While the delta variant’s rise is throwing another complication into this year’s season, most of those planned events are still forging ahead, but with additional safety precautions — proof of vaccines, negative tests, masks in indoor spaces and other possible measures aimed at mitigating the spread of the virus.

Here’s what’s left to enjoy for this year’s season, including this Labor Day weekend. But make sure to check the fests’ sites regularly for updates and additional safety requirements.

• North Coast Music Festival brings a strong Chicago-area mix — including North Shore acts Kaskade and Louis the Child, along with Ron Carroll, Stratus, Dani Deahl, INZO, Birthdayy Partyy, Align, Bentley Dean and others — along with GRIZ, Zed’s Dead, Nora En Pure, Bonobo and more in the city’s long-running EDM festival. 2 p.m. to midnight Friday and Saturday, Sept. 3, and 4; 2 to 10:30 p.m. Sunday, Sept. 5, at SeatGeek Stadium, 7000 S. Harlem Ave., Bridgeview. $248.51 plus fees for three-day general admission; $88.57 plus fees for single-day GA passes at northcoastfestival.com.

• Celebrating Chicago as the home of house music, the ARC Music Festival is making its debut here this weekend. Featuring a stacked lineup of area and global artists, ARC aims to showcase the music and artistry inspired by Chicago’s style. And with the ARC Car Stage featuring Joe Domingo and his GoodBus jammed with a full lineup of artists from the city and the suburbs, homegrown music will be front and center. 2 to 10 p.m. Saturday and Sunday, Sept. 4-5, at Union Park, 1501 W. Randolph St., Chicago. $249 for two-day general admission passes; $154 for Saturday; $126 for Sunday; lineups and tickets at arcmusicfestival.com.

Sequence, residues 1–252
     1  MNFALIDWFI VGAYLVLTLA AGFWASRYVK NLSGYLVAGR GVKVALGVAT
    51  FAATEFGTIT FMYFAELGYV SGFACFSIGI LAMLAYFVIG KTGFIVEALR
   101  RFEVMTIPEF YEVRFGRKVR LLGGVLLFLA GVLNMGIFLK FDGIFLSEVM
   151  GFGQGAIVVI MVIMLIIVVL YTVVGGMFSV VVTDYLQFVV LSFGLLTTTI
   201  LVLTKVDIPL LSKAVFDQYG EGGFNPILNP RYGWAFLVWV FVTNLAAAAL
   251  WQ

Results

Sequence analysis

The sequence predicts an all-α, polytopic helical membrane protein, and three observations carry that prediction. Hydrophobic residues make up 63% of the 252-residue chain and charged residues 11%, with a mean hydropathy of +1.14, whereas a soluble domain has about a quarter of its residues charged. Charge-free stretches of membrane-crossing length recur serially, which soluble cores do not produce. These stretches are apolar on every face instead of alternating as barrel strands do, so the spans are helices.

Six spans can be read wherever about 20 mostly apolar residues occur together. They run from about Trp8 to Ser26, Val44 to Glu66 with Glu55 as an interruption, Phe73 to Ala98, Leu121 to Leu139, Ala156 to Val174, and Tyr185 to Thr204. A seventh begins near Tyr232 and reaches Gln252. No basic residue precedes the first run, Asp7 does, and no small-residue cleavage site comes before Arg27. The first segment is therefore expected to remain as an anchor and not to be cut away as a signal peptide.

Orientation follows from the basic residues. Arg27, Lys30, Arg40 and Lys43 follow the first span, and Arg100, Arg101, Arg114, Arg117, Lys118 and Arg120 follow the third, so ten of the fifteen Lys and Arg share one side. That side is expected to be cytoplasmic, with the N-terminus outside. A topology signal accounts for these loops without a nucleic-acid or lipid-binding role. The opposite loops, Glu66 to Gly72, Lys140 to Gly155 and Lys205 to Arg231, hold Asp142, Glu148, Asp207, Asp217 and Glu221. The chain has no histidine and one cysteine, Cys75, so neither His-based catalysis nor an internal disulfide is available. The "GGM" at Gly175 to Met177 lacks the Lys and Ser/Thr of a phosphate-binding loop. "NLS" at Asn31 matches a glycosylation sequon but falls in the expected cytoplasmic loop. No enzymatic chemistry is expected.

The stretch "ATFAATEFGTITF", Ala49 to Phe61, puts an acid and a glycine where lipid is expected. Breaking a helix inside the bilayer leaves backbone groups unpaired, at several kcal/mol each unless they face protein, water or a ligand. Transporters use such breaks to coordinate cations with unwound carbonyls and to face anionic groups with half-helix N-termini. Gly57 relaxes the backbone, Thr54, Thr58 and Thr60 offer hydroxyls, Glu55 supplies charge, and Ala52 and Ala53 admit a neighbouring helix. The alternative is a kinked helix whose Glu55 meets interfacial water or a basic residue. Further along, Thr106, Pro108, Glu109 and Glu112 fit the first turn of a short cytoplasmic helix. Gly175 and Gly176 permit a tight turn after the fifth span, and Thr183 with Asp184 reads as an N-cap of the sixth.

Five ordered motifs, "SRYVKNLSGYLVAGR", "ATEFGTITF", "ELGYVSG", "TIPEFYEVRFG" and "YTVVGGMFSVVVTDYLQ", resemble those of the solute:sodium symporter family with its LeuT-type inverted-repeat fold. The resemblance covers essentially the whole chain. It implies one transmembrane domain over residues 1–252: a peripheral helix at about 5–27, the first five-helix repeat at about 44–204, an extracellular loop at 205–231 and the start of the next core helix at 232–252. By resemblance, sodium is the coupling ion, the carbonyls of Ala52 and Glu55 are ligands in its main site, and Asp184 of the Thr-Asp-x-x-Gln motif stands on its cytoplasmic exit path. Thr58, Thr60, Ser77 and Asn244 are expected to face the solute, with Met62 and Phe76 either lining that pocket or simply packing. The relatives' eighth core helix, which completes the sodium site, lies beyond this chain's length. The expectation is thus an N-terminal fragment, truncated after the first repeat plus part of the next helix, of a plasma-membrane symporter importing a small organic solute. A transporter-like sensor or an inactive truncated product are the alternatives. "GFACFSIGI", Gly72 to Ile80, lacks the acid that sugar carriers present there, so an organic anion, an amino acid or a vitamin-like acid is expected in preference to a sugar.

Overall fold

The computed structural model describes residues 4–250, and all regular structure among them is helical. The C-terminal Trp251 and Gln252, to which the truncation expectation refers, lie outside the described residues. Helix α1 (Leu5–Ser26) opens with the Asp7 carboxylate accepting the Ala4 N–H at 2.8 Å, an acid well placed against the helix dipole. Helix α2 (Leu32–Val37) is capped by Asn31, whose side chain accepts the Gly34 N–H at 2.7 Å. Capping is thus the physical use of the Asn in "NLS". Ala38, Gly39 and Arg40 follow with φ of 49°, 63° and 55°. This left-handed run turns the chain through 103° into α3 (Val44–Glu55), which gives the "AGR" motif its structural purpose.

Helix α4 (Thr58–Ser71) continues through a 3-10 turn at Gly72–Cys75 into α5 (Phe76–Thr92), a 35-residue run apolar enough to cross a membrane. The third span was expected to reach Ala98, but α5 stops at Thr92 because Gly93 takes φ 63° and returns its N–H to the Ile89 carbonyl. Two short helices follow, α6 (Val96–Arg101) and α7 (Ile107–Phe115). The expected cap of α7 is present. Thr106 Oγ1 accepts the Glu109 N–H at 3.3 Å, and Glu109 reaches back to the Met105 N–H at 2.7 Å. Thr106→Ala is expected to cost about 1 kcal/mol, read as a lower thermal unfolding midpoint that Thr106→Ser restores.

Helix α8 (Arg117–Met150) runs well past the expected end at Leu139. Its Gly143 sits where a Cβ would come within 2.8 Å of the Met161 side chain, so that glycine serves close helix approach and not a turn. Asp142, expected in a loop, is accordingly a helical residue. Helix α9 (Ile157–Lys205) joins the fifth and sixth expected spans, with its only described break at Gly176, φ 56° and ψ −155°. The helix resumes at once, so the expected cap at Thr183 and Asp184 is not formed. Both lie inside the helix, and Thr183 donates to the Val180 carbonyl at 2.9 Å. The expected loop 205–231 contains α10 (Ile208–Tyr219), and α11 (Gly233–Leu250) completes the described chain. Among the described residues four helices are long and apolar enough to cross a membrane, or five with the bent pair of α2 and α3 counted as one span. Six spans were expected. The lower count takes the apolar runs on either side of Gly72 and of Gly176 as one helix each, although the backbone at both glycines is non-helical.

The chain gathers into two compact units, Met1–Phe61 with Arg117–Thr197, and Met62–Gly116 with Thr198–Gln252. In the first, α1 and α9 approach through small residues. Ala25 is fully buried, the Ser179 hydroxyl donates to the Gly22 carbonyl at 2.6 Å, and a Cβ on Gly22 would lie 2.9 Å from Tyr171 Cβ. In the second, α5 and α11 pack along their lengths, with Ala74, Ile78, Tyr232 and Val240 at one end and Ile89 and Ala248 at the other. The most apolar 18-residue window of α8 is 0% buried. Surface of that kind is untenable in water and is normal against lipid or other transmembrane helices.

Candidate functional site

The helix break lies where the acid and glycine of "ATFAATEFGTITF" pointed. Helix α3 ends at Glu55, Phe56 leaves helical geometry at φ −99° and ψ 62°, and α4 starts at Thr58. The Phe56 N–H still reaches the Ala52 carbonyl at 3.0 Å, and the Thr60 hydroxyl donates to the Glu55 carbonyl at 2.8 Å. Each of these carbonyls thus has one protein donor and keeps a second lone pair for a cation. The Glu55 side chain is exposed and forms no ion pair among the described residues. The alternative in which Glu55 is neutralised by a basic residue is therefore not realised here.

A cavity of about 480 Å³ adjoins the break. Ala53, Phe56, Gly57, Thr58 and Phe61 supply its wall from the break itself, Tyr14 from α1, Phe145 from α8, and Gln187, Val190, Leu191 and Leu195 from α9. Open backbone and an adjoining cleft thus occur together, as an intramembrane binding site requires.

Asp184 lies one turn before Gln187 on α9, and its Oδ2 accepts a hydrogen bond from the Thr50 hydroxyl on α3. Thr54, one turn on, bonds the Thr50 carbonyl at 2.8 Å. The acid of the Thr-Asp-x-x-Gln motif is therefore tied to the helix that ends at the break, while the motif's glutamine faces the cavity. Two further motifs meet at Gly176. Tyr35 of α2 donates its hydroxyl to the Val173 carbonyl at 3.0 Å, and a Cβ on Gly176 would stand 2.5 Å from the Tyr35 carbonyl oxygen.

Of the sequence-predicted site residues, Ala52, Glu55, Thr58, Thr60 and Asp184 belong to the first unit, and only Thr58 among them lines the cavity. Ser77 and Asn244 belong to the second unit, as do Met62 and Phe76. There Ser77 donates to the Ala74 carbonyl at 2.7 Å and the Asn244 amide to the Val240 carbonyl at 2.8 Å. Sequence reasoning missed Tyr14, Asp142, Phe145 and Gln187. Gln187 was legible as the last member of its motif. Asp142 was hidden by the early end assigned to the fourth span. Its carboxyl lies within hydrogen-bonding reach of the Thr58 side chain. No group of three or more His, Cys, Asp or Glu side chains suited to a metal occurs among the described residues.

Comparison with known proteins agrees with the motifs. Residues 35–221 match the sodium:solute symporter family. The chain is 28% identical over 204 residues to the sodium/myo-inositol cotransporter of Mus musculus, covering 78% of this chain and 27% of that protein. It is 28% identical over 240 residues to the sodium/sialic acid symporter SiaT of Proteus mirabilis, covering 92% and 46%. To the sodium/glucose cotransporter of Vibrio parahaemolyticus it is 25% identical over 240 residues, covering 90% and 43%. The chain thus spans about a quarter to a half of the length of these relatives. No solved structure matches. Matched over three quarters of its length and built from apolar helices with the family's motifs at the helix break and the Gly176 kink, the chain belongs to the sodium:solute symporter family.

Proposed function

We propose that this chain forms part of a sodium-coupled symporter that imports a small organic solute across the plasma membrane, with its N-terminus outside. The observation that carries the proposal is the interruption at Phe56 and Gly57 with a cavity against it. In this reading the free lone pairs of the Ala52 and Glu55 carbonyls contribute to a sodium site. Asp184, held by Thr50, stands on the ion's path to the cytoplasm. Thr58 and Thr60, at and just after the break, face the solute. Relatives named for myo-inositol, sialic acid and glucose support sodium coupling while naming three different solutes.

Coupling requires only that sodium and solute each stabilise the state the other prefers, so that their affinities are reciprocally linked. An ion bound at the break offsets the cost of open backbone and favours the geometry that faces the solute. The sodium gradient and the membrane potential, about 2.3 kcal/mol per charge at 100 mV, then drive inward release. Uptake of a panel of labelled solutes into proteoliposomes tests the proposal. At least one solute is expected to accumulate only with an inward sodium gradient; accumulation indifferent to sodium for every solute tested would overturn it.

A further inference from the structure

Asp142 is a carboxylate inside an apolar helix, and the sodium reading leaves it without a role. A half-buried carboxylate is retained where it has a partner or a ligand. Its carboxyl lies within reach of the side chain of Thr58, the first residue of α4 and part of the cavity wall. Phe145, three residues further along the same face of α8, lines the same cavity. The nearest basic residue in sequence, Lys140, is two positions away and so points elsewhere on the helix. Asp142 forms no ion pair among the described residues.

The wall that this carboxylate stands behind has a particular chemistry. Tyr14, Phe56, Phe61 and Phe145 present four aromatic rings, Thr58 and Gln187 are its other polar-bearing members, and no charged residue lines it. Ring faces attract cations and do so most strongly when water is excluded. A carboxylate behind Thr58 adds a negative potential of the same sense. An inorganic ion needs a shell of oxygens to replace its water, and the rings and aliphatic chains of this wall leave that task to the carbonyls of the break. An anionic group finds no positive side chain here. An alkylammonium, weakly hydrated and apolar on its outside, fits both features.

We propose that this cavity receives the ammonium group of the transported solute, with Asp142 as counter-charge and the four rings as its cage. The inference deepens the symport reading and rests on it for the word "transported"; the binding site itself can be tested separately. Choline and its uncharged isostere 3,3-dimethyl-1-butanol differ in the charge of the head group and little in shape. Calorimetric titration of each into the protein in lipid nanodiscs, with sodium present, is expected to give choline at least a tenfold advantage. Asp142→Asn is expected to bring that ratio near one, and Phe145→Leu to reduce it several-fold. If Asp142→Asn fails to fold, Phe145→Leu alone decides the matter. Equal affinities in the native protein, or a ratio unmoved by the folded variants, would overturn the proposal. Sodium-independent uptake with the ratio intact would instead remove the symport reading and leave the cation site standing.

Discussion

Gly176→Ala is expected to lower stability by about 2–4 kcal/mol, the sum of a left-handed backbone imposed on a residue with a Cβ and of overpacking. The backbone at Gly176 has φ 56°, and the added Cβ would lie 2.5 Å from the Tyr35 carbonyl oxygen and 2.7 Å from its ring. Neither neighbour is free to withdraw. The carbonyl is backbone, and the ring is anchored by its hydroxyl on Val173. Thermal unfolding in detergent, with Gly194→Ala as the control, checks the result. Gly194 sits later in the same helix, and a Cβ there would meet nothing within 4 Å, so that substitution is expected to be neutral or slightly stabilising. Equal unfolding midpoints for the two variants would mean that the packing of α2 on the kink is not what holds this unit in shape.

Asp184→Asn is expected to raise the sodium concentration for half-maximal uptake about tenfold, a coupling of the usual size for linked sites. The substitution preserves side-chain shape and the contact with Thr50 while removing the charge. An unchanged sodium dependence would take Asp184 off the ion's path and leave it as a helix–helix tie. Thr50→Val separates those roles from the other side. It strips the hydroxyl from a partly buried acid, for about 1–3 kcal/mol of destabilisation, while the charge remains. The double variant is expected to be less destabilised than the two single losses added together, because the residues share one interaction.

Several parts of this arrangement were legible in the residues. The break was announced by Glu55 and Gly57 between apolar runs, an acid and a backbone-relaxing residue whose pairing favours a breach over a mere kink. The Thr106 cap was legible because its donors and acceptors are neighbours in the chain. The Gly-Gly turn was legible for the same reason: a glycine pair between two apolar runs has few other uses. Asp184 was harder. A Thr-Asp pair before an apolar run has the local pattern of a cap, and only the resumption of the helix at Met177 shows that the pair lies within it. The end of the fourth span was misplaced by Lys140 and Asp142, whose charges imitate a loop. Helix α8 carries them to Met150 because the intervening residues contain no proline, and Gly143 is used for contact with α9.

Pitchfork Music Festival: 1 to 10 p.m. Friday through Sunday, Sept. 10-12, at Union Park, 1501 W. Randolph St., Chicago. Three-day passes are sold out, but single-day tickets are $90 plus fees for each day at pitchforkmusicfestival.com.

• Riot Fest: 2:30 p.m. Thursday, Sept. 16, preview party; 11 a.m. to 10 p.m. Friday through Sunday, Sept. 17-19, at Douglass Park, 1401 S. Sacramento Drive, Chicago. $45 for preview party, $124.98 plus fees for single-day passes at riotfest.org.

DZ Fest 2021: Noon to 11 p.m. Saturday and Sunday, Sept. 25-26, at DZ Records, 8548 S. 85th Court, Hickory Hills. $20 admission and donations will benefit a scholarship fund for Chicago Public Schools’ All City Performing Arts. Find the schedule and more event info at facebook.com.

• Spring Awakening — Autumn Equinox: 1 to 10 p.m. Saturday and Sunday, Oct. 2-3, at Addams/Medill Park, 1301 W. 14th St., Chicago. $309 plus fees for two-day passes, $160 plus fees for single-day general admission at springawakeningfestival.com.

• Punk the Burbs Fest 4: Noon to 11 p.n. Saturday, Oct. 30, at Tivoli Bowl, 938 Warren Ave., Downers Grove. $15 at eventbrite.com.

• Brian Shamie is a Daily Herald multiplatform editor and local music junkie. Email him at bshamie@dailyherald.com, find him on Facebook or follow him on Twitter (@thatshamieguy) or Instagram (@chicagosoundcheck).